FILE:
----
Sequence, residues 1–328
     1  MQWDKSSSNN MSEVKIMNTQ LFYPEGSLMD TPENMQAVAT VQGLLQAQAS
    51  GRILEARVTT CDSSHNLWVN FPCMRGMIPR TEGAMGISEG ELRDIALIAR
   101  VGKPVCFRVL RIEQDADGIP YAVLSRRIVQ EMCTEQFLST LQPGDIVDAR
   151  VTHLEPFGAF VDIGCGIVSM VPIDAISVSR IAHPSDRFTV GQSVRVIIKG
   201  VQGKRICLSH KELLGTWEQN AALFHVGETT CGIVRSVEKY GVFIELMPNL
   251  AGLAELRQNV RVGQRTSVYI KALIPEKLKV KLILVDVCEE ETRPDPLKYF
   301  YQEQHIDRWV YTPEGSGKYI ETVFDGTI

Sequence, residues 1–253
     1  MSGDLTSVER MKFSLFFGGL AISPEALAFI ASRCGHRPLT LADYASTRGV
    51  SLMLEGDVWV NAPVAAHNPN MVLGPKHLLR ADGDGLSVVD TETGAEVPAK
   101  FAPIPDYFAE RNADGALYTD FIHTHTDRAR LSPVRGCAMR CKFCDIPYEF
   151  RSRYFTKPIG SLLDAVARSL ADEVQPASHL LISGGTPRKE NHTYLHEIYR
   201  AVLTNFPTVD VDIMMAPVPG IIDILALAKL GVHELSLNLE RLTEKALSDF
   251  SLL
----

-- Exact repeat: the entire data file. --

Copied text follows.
Sequence, residues 1–328
     1  MQWDKSSSNN MSEVKIMNTQ LFYPEGSLMD TPENMQAVAT VQGLLQAQAS
    51  GRILEARVTT CDSSHNLWVN FPCMRGMIPR TEGAMGISEG ELRDIALIAR
   101  VGKPVCFRVL RIEQDADGIP YAVLSRRIVQ EMCTEQFLST LQPGDIVDAR
   151  VTHLEPFGAF VDIGCGIVSM VPIDAISVSR IAHPSDRFTV GQSVRVIIKG
   201  VQGKRICLSH KELLGTWEQN AALFHVGETT CGIVRSVEKY GVFIELMPNL
   251  AGLAELRQNV RVGQRTSVYI KALIPEKLKV KLILVDVCEE ETRPDPLKYF
   301  YQEQHIDRWV YTPEGSGKYI ETVFDGTI

Sequence, residues 1–253
     1  MSGDLTSVER MKFSLFFGGL AISPEALAFI ASRCGHRPLT LADYASTRGV
    51  SLMLEGDVWV NAPVAAHNPN MVLGPKHLLR ADGDGLSVVD TETGAEVPAK
   101  FAPIPDYFAE RNADGALYTD FIHTHTDRAR LSPVRGCAMR CKFCDIPYEF
   151  RSRYFTKPIG SLLDAVARSL ADEVQPASHL LISGGTPRKE NHTYLHEIYR
   201  AVLTNFPTVD VDIMMAPVPG IIDILALAKL GVHELSLNLE RLTEKALSDF
   251  SLL